Replay Attacks Explained…or…”God, I miss Mr. Sparkles.”

First, a brief review of how blockchains work:

Blockchains consist of blocks. Blocks are created (mined) every so often and added to the blockchain.

Blocks contain transactions.

Commonly, a transaction sends money from one account to another. The data required to describe such a transaction includes the senders account, the recipients account, and the amount of money to send.

Such a transaction must be signed by the private key of the sender.

Once it is signed, the data is packed up as bytecode and pushed from the senders chosen blockchain node to the rest of the blockchain.

It is the private key that protects the senders currency. No one can create a valid transaction without signing that transaction, creating a properly signed string of bytes describing that specific transaction.

Miners gather these transactions, and, for a fee, add them to the next block mined, should they be the lucky miner that mines that block.

A duplicate blockchain:

Now, imagine we make an exact copy of a blockchain, as easily accessible as the rest of the blockchain. The state of the Copy blockchain, and it’s history, is exactly the same as the state of the Original blockchain, for all intents and purposes, up until the moment the next block is created on each chain.

Further, a set of miners appears to service the copy blockchain. Further, criminals are aware of this.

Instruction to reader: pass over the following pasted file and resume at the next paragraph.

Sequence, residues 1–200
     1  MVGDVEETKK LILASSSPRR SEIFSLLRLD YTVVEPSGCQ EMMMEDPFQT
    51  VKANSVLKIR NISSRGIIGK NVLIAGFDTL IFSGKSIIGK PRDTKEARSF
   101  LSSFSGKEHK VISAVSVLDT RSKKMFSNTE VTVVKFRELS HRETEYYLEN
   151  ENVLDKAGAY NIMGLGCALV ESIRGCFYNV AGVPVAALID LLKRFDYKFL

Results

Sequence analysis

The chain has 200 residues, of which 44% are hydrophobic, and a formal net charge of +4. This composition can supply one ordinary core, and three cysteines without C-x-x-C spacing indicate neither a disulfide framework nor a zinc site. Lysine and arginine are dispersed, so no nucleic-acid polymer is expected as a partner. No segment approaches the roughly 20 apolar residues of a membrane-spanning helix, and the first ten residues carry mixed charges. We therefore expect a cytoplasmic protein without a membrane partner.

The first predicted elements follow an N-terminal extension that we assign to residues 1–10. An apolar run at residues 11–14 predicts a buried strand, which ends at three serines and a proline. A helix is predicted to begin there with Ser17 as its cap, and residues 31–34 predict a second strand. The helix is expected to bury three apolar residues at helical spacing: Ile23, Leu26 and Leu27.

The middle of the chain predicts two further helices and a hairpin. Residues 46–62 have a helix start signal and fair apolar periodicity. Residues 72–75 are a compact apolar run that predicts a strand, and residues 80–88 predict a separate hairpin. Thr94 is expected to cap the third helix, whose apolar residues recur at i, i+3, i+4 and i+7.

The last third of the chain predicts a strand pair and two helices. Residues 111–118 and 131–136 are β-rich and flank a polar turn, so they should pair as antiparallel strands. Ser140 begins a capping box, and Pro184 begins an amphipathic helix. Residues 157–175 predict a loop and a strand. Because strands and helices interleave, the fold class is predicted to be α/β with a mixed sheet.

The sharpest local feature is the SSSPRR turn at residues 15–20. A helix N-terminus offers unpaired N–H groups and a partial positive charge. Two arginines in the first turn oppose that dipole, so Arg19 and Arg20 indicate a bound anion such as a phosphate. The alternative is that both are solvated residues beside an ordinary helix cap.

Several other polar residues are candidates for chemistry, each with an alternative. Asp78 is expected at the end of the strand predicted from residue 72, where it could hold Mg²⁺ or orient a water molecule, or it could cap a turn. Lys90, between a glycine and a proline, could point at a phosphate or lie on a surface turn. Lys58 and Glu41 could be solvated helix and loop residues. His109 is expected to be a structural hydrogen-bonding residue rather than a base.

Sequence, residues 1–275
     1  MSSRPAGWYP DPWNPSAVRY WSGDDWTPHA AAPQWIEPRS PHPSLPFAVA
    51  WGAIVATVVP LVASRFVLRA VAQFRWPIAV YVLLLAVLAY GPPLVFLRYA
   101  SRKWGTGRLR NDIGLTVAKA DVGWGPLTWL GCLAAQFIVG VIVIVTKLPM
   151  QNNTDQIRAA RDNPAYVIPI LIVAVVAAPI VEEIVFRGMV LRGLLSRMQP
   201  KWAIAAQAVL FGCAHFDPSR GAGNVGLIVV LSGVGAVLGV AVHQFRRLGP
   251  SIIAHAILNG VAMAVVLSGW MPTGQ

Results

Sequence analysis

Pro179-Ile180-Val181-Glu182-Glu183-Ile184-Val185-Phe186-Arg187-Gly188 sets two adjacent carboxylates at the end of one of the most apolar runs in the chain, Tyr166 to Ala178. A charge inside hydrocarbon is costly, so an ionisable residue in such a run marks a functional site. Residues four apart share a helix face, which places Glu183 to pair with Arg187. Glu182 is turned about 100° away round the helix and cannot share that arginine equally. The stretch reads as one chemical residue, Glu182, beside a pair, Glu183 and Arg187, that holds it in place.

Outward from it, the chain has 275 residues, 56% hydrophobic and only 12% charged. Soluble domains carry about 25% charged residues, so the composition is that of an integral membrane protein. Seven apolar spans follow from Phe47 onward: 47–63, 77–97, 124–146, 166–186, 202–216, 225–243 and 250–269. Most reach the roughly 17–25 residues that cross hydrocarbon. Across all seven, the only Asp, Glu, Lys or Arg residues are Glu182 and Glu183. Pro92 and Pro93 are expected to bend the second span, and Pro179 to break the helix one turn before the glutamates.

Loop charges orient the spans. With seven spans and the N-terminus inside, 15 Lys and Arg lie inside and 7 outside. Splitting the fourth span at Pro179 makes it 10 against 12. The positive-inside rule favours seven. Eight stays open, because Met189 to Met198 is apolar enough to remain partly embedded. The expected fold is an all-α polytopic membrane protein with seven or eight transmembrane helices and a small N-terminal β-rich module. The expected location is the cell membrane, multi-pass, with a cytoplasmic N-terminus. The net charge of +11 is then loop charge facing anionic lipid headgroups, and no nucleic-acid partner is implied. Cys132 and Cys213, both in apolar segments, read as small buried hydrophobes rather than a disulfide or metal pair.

The day the Copy blockchain is created, 99% of the world decides to use the new Copy blockchain, including you. You make sure your blockchain node only talks to nodes on that chain.

For convenience, we will call the currency of the Original blockchain ETC, and the currency of the Copy blockchain ETH.

You, not having read this post, decide it would be a good idea to sell all your ETC to a stranger in exchange for USD, at five cents per ETC.

So you fire up a second computer, with a different blockchain node, and make sure it only talks to the Original blockchain. You copy your private keys to that computer, and sell all your ETC to that stranger for a few pennies per ETC.

Hey, it’s not a big deal, right? You don’t care about ETC, really. You are just making a few extra bucks. What you really care about is that ETH you need to use to pay off your house and buy Unicorns with.

You pocket the 5000USD and run, grinning, to the super-expensive ice-cream store, where you buy the most expensive, and delicious, five thousand dollar ice cream ever — an ice cream that only the smartest, wealthiest people can afford.

When you get home, licking your lovely ice cream cone, you decide to check your ETH balance.

“What the WHAT!!”, you say, dropping your ice cream into the kitty litter. Your ETH balance is ZERO!!

But you were so smart!!! What could have happened!!!

Well, remember that transaction you made, sending one bazillion ETC to random_person in exchange for five thousand US dollars?

That was signed by your private key, and uploaded to a blockchain with the same account history. Your account is the same, the account of the criminal you sold fifty million ETC to is the same, everything is the same.

All the criminal had to do was to broadcast that same transaction to the Copy blockchain, the one with the ETH currency, and it looked valid, because it was!

The realization dawns upon you. All that effort you put into understanding blockchain tech, the good luck you had to be an early adopter. It’s all gone…leaving you only with the sad, sticky ice cream that remains on your sad hand to show for it.

It tastes terrible. Your cat, Mr. Sparkles, thinks you are crazy and moves out. When you are evicted, a more sensible person moves in. Mr. Sparkles is adopted by the new owner, who buys him a Unicorn. :(

Beware the replay attack. Don’t let this happen to you.